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Review of Water Use at Canada’s Oil Sands Points Toward Environmental Sustainability

Concerns have been expressed and published about the amount of water used in Canada’s oil-sands industry. The oil-sands deposits are geographically separated from population and agricultural centers in the province of Alberta and are within some of the most prolific river basins. Analysis shows that the amounts of water used by oil-sands operations are low and sustainable. A track record of continuous improvements at existing operations and the application of new technologies will maintain the sustainability into the future.

Introduction

Canada’s oil sands are in three deposits in northern Alberta (Fig. 1). The oil-sands deposits hold 1.8 trillion bbl of oil with 169 billion bbl of economically recoverable reserves. This represents 97% of Canada’s oil reserves, which are the third largest in the world.

The term “oil sands” is used to describe unconsolidated bituminous sands. The oil saturation in the sands has very high viscosity and is commonly called bitumen or tar. The deposits are found within the McMurray, Clearwater, and Grand Rapids formations of the Mannville group. They are of varying depth, from near surface in some parts of the Athabasca deposit to more than 300 m deep in the Peace River and Cold Lake deposits. Where the oil sands are shallower than 70 m, they may be mined by surface strip mining. This represents 3% of the surface area of the oil sands and 20% of the reserves. The remaining 80% of reserves across all three deposits are accessible only by use of in-situ recovery methods. Both mining and in-situ methods are water based.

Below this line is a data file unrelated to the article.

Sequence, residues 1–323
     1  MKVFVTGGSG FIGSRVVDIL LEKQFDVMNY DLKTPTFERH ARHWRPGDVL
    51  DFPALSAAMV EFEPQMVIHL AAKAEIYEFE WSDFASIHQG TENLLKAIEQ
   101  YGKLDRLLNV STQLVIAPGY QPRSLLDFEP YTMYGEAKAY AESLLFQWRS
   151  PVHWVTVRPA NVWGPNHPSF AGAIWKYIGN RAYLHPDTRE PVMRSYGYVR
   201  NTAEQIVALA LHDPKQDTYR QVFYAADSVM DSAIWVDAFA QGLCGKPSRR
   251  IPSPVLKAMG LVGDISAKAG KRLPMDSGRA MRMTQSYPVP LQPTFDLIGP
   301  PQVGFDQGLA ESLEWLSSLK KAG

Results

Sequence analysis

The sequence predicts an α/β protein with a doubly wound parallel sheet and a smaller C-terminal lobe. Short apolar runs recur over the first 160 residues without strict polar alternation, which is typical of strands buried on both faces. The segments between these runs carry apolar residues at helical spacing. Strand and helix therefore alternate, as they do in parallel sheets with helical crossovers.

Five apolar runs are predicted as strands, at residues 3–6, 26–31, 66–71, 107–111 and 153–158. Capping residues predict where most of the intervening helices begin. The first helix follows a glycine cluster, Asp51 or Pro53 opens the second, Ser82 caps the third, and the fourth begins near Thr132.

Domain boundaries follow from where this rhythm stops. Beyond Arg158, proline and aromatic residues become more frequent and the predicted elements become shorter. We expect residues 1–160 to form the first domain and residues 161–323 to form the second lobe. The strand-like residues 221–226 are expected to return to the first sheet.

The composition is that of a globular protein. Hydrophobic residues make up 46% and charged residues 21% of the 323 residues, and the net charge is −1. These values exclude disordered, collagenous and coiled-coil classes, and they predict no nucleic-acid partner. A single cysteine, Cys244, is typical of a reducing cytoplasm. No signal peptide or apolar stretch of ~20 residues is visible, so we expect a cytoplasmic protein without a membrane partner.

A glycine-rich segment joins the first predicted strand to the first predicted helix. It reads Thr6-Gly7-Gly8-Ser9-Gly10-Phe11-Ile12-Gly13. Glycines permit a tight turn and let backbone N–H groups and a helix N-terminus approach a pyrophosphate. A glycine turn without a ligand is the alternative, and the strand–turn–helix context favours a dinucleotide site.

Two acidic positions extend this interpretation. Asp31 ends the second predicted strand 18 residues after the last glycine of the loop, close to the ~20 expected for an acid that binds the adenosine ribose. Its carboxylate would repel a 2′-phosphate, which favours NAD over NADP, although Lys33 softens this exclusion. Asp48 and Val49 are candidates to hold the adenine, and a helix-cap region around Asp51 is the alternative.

This article, written by Editorial Manager Adam Wilson, contains highlights of paper SPE 156676, “Water Use in Canada’s Oil-Sands Industry: The Facts,” by Stuart Lunn, Imperial Oil Resources, prepared for the 2012 SPE/APPEA International Conference on Health, Safety, and Environment in Oil and Gas Exploration and Production, Perth, Australia, 11–13 September. The paper has not been peer reviewed.
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Review of Water Use at Canada’s Oil Sands Points Toward Environmental Sustainability

01 August 2013

Volume: 65 | Issue: 8

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